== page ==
In a exoplanet focused lecture I was informed that the two main techniques for the detection of exoplanets were: radial velocity (VR) and transit. These were very briefly explained to us.

When watching a presentation by Dr. Bender, it is stated that the RV technique was the most prominent technique up to the late 00's, but at around 2010 there was a "Wide-Field Precision Photometry Revolution", which was characterized by its fainter limiting magnitude.

Is the transit technique categorised as one of the techniques in this wide-field precision photometry revolution?


1 Answer 1


Yes. By “precision photometry” we mean “measuring just exactly how bright this star is.” The transit technique looks for variations in the brightness of the star. As your photometry becomes more precise, you are able to distinguish smaller variations in stellar brightness, which allows you to detect transits by smaller planets, more rapid transits, or both.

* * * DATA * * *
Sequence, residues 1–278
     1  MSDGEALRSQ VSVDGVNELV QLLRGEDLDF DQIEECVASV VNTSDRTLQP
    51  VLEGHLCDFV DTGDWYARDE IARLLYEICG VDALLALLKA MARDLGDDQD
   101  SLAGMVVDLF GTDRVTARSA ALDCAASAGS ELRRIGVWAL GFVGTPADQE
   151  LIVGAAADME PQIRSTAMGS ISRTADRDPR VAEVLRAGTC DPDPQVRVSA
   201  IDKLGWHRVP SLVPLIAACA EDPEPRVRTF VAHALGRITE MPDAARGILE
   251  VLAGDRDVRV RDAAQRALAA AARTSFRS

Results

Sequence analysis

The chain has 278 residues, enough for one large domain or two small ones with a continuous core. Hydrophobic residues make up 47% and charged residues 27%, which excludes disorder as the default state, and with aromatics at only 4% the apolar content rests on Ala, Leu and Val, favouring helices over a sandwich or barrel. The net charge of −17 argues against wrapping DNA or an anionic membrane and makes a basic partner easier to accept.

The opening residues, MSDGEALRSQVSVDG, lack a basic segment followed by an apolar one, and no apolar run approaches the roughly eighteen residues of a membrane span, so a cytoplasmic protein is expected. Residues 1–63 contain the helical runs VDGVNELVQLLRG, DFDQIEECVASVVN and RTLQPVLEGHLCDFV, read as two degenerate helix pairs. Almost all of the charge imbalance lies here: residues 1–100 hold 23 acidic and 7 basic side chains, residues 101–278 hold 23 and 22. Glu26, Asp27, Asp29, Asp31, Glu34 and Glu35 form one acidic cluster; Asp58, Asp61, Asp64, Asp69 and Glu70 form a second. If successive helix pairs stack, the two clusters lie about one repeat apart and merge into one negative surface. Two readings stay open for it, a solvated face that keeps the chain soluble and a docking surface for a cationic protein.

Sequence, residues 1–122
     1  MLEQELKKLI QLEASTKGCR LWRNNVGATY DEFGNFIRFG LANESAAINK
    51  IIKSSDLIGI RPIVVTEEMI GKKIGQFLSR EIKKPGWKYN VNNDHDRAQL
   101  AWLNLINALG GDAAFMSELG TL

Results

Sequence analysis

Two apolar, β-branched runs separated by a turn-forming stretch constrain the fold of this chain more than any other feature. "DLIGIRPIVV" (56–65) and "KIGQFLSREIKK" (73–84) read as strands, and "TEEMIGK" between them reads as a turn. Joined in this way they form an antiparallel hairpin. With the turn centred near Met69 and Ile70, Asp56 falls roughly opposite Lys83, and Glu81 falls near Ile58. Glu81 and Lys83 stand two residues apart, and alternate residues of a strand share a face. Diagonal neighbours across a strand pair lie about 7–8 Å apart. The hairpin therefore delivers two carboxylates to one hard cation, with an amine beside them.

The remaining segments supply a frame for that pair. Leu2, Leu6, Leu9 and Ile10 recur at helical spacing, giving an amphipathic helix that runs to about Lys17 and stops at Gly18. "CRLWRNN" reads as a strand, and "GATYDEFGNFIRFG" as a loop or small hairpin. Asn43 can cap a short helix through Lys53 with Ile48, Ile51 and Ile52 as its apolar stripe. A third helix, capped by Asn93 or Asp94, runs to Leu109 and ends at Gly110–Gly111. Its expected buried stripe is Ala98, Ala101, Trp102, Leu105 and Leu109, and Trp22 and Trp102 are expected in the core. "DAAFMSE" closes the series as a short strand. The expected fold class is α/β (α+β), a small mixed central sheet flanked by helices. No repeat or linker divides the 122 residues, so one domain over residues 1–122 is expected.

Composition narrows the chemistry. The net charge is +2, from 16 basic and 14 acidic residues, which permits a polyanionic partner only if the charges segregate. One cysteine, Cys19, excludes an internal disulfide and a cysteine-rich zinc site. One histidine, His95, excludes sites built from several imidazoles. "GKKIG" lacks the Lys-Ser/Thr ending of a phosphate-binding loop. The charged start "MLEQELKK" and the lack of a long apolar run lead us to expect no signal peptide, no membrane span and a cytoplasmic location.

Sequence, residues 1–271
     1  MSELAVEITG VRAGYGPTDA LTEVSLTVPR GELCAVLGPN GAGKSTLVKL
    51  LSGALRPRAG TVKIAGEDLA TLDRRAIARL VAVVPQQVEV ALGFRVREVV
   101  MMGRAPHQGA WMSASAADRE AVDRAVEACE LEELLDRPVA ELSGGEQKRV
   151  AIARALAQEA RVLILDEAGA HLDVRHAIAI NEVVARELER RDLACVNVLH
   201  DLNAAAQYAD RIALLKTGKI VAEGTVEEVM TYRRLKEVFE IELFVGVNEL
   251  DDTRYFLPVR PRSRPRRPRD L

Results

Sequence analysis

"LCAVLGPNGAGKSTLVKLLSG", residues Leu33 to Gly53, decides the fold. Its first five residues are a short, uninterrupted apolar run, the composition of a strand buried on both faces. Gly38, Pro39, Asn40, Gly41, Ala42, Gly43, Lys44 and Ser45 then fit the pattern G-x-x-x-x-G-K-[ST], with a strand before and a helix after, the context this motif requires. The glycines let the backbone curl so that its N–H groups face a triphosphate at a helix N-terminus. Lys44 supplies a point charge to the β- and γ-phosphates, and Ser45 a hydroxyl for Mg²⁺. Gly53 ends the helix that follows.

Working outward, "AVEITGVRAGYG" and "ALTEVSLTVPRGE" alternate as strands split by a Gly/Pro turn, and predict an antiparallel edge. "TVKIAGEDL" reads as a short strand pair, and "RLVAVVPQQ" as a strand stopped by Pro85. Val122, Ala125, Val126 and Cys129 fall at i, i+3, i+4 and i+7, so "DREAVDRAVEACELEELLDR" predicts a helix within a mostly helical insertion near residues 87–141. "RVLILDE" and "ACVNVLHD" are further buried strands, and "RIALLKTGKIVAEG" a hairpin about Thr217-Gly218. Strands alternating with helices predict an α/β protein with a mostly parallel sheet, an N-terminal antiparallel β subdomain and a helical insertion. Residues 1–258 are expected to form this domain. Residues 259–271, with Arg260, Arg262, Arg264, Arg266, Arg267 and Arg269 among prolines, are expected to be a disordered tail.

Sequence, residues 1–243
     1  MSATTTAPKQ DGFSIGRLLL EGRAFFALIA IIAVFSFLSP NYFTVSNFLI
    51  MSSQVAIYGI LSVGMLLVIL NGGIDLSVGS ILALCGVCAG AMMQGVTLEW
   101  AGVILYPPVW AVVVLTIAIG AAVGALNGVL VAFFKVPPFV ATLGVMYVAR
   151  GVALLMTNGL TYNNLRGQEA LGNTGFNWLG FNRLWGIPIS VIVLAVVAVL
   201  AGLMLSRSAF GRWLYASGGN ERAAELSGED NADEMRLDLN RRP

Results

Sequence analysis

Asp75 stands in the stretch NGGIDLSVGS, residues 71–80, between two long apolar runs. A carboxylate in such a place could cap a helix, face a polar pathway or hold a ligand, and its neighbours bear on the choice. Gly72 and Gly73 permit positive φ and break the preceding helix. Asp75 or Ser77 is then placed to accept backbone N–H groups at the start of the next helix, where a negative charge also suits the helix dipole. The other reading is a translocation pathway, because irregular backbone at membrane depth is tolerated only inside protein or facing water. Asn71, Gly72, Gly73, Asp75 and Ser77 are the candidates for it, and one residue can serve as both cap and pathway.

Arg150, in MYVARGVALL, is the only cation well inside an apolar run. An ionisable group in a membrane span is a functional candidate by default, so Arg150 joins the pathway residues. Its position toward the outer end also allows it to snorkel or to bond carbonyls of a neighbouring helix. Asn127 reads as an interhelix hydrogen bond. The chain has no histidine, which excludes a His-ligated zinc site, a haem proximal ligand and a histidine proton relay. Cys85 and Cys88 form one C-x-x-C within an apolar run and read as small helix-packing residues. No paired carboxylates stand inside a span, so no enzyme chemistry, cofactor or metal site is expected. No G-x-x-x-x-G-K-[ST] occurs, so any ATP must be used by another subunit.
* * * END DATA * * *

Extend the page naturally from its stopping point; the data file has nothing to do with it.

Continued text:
The “wide field” part is because, rather than concentrating on a single star, the Kepler mission (and follow-ups) was able to rapidly and precisely measure the brightness of every star in its field of view.

The transit technique has a fainter limiting magnitude than spectroscopic techniques because you need less light to say “there is some light here” than you do to analyze that light’s spectrum and identify a periodic Doppler shift.


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